CEO, Kinepict Ltd, Budapest, Hungary
Associate Professor, Semmelweis University, Budapest, Hungary
A new X-ray imaging method (patent pending) was developed to visualize function-related motion information.
We modify existing X-ray imaging methods to provide four images without increasing the necessary measurement time or radiation dose. The most important of these images is a new “kinetic” image that represents motions inside the object or living body. The motion-based contrast of the kinetic image can help visualize details that were not accessible before.
The broad range of the movements and high sensitivity of the method are illustrated by imaging chest of a living African clawed frog (Xenopus laevis). The heart, valves, aorta and lungs of the frog are clearly visualized in spite of the low soft tissue contrast of the animal. The new technology also reconstructs a “static” image similar to the existing conventional X-ray image. The static image shows practically the same information as the conventional image. The new technology presents two more images which show the point-wise errors of the static and kinetic images. This technique gives a better estimation of errors than present methods because it is based entirely on measured data. The new technology could be used in imaging cardiopulmonary movements, non destructive testing, or port security screening.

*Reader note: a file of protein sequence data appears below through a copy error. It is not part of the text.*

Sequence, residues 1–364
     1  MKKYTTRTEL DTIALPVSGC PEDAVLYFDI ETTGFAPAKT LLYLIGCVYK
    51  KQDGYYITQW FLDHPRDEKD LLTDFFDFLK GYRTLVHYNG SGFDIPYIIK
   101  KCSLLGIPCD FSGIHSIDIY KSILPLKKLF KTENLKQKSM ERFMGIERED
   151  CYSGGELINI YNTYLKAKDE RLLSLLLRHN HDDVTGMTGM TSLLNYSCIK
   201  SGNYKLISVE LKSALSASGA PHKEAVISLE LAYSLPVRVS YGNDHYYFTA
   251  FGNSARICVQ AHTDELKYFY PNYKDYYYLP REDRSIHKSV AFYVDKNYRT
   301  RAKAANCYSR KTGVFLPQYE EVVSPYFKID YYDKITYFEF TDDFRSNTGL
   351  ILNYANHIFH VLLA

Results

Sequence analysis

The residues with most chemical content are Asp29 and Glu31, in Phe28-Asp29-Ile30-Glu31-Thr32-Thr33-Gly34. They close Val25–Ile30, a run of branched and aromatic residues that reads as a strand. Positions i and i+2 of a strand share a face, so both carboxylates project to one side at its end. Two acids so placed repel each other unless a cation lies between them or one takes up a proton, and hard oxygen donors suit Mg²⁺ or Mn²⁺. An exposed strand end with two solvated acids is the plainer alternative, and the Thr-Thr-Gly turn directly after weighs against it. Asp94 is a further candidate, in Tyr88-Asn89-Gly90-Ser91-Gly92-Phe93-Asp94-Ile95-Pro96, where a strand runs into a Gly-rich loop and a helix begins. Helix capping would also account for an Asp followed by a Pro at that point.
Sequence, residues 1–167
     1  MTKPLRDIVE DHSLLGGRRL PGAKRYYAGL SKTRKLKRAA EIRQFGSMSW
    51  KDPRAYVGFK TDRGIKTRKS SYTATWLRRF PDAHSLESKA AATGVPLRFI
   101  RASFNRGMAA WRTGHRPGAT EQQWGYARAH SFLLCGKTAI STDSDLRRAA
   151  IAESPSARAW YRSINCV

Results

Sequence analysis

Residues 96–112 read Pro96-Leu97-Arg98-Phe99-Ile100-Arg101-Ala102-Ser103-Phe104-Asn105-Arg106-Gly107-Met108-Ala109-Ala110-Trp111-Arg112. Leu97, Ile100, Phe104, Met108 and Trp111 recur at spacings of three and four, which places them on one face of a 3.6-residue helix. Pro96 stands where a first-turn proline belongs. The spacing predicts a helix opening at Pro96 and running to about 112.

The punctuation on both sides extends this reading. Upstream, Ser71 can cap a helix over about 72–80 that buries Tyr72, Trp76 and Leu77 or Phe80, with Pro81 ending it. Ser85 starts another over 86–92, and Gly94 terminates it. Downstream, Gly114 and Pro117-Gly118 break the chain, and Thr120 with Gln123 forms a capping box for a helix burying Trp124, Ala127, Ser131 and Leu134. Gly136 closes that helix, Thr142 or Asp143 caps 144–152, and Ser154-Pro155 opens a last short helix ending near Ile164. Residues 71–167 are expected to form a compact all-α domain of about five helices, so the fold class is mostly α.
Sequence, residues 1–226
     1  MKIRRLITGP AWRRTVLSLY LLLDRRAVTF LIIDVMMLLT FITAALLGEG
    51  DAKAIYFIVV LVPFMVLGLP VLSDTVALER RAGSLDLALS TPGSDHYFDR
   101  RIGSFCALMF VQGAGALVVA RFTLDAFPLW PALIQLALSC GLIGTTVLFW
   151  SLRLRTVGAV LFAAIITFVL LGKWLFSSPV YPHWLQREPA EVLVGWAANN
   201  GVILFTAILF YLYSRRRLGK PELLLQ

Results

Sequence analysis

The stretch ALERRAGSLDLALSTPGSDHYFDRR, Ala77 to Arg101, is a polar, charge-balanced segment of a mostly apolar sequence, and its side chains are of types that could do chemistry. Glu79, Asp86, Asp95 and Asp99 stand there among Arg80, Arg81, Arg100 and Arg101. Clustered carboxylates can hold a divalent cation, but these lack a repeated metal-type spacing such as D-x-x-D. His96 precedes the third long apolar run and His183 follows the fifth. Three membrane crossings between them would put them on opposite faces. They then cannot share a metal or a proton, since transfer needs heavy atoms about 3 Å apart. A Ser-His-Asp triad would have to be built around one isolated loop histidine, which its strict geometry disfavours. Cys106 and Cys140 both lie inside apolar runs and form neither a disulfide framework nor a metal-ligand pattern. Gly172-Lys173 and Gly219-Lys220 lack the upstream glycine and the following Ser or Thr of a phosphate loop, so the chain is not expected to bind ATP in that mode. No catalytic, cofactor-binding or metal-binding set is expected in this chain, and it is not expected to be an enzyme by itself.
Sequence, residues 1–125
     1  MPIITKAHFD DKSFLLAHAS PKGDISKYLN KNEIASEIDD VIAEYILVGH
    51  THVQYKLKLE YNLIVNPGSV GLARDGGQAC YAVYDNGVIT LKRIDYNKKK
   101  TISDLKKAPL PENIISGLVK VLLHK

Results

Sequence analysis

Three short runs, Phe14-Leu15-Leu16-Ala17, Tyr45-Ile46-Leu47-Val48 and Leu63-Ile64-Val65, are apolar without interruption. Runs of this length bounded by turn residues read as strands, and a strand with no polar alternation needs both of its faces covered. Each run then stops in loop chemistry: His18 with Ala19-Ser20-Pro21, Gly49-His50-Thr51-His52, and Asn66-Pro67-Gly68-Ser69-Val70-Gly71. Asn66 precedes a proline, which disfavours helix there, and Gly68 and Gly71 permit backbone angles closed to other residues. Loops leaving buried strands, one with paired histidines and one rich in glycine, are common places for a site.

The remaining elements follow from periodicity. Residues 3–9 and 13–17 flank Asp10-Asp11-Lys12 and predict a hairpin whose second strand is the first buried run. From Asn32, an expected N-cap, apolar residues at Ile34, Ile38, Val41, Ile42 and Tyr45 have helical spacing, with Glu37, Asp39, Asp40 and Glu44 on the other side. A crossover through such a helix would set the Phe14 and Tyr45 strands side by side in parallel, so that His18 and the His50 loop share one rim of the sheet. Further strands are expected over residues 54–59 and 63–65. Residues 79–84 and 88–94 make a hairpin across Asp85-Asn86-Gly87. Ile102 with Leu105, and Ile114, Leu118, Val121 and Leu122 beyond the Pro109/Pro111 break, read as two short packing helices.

Osváth S, Szigeti K
WO 2012/001496, New imaging modality using penetrating radiations
Szigeti K, Máthé D, Osváth S (2014)
EEE Transactions on Medical Imaging 33, 2031 - 2038, Motion Based X-ray Imaging Modality
Picture: Static and kinetic images of the chest of an African clawed frog.